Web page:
Phytoplankton are single cell microalgae that exist primarily in the water column. Microalgae is the beginning of the marine food chain and the primary source of essential nutrients for most reef filter feeders. Filter feeders that rely directly on phytoplankton include bivalves like clams, scallops, mussels, and oysters, as well as many corals, feather dusters, sponges, ascidians and zooplankton like rotifers and copepods.
It was once thought that most reef animals do not require microalgae, however, we have learned in recent years that nearly all reef animals that can filter feed do rely on plankton for an essential portion of their diet. This is even true for animals that can use zooxanthellae and photosynthesis for nourishment. With hindsight this is obvious as zooxanthellae only contribute carbohydrates to the host animal, requiring the animal to look elsewhere for lipids, protein, vitamins and other nutrients.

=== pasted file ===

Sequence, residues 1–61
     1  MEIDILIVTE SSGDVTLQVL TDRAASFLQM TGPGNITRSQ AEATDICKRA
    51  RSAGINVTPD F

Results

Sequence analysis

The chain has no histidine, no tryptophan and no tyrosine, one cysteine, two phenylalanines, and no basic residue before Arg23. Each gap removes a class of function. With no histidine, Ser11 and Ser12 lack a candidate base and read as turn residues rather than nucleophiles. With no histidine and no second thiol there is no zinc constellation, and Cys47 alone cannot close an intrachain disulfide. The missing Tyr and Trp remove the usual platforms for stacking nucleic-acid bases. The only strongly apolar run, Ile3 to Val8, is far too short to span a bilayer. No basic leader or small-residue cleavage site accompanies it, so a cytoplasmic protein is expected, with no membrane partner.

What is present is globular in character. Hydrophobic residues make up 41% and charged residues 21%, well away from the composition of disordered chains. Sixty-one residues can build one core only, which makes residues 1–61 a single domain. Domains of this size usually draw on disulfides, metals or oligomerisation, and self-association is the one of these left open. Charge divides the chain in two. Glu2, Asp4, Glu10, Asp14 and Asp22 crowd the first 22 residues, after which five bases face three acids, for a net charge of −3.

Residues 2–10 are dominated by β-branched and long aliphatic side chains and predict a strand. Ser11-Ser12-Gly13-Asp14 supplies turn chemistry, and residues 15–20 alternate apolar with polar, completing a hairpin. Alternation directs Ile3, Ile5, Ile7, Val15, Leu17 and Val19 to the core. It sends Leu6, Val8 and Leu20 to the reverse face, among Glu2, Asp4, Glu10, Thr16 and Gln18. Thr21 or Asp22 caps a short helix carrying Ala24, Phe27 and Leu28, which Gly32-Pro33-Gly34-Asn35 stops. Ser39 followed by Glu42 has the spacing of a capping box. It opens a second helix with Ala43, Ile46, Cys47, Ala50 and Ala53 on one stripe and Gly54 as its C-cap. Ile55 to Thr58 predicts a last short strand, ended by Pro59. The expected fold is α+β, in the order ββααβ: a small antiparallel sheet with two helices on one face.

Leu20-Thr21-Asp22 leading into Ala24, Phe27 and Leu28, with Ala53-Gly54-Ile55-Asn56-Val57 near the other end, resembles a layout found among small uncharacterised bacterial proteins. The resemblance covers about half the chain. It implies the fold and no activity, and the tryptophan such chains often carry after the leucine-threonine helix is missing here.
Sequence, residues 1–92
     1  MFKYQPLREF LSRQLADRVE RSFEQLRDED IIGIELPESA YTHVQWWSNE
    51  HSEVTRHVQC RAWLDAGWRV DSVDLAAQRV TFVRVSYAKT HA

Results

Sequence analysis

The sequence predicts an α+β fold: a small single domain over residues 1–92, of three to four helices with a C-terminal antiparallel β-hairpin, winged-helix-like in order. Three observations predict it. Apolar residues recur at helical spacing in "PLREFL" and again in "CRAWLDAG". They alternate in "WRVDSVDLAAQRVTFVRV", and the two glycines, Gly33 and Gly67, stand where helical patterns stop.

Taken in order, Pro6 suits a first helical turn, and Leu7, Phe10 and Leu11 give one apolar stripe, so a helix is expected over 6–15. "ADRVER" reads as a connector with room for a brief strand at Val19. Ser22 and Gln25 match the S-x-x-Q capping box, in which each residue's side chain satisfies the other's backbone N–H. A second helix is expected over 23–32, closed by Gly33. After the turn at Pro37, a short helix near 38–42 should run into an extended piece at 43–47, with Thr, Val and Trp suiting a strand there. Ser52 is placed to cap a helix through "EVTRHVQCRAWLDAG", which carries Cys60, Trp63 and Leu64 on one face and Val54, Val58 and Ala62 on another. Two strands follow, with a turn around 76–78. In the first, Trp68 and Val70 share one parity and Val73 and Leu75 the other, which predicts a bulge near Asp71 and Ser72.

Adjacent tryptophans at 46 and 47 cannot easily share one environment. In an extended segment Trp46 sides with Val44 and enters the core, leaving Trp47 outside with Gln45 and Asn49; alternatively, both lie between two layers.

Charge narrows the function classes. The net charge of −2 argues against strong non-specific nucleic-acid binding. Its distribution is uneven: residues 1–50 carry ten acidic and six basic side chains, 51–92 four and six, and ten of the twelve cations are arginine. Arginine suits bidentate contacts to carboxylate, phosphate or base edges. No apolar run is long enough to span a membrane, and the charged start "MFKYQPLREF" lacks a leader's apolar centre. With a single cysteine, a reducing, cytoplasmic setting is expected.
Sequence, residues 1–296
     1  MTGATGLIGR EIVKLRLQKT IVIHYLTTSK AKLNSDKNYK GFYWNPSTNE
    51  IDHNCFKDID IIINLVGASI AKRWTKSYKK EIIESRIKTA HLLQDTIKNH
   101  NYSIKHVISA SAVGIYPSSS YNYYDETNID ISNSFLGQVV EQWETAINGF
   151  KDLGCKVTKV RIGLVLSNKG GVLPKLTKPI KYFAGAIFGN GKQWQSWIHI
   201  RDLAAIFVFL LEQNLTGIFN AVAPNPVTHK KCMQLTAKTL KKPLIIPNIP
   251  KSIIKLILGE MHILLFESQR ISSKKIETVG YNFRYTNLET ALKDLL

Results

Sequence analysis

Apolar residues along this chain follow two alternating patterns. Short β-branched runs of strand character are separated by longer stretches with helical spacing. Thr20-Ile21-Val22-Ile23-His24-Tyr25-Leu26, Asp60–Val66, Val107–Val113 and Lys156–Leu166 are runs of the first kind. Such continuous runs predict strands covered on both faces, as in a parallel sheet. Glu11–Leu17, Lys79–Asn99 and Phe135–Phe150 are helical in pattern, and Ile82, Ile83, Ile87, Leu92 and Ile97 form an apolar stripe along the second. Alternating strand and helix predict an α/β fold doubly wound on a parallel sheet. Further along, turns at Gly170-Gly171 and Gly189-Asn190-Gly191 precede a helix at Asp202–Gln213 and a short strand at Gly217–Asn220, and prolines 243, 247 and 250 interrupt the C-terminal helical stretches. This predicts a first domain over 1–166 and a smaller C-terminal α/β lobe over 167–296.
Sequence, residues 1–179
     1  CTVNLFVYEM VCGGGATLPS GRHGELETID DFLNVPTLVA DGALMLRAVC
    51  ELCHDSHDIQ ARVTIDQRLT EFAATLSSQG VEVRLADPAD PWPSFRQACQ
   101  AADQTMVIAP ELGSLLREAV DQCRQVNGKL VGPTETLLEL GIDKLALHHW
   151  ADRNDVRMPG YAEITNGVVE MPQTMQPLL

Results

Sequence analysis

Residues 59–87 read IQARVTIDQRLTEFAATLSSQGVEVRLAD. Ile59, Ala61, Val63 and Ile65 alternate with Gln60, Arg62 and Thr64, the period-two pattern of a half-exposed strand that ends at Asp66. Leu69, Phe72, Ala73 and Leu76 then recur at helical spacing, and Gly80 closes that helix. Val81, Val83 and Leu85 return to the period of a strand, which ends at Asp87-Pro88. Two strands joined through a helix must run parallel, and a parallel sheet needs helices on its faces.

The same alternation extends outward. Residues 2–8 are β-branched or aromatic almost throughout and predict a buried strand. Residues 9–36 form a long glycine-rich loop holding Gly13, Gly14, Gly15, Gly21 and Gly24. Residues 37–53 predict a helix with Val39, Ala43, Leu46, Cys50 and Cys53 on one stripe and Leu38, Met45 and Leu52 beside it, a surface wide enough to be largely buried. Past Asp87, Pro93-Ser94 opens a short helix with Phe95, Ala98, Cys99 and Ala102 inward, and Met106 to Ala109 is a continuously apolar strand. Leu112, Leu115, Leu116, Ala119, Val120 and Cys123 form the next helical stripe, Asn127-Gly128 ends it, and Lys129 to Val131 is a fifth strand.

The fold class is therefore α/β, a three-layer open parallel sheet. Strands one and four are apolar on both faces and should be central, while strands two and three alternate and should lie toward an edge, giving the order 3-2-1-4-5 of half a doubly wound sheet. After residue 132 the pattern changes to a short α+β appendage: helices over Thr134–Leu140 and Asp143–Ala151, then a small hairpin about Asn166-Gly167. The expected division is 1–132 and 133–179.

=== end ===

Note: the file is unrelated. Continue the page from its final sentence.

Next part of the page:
In nature filter feeders rely on a mix of diatoms, golden-brown, green, yellow-green, blue-green and red microalgae for a nutritionally complete diet. These life forms may look similar, but they are so ancient that they have incredible biological and nutritional diversity. Biologically speaking, there is vastly more difference between a green algae and a golden-brown flagellate than between dandelion and a fir tree.